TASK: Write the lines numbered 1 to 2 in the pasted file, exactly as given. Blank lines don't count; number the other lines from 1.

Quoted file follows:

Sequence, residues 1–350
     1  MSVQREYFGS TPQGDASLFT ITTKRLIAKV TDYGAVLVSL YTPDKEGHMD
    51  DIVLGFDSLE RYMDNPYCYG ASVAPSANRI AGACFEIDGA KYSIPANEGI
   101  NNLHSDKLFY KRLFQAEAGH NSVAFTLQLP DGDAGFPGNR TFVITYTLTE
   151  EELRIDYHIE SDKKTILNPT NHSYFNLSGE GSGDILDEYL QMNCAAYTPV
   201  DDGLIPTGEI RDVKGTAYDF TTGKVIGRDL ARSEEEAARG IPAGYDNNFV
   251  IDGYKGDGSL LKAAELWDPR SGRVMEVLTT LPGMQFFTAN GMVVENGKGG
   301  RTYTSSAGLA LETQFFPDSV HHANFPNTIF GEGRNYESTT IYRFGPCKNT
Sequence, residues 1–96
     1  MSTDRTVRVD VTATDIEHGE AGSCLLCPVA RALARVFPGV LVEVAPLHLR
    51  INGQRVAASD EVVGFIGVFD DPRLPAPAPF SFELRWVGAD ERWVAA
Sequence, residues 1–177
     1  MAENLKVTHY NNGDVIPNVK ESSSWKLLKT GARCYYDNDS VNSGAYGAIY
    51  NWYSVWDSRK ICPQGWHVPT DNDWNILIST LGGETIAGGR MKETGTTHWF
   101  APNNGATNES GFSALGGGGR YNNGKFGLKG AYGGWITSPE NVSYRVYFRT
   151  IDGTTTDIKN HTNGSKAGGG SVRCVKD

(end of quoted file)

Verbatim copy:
Sequence, residues 1–350
     1  MSVQREYFGS TPQGDASLFT ITTKRLIAKV TDYGAVLVSL YTPDKEGHMD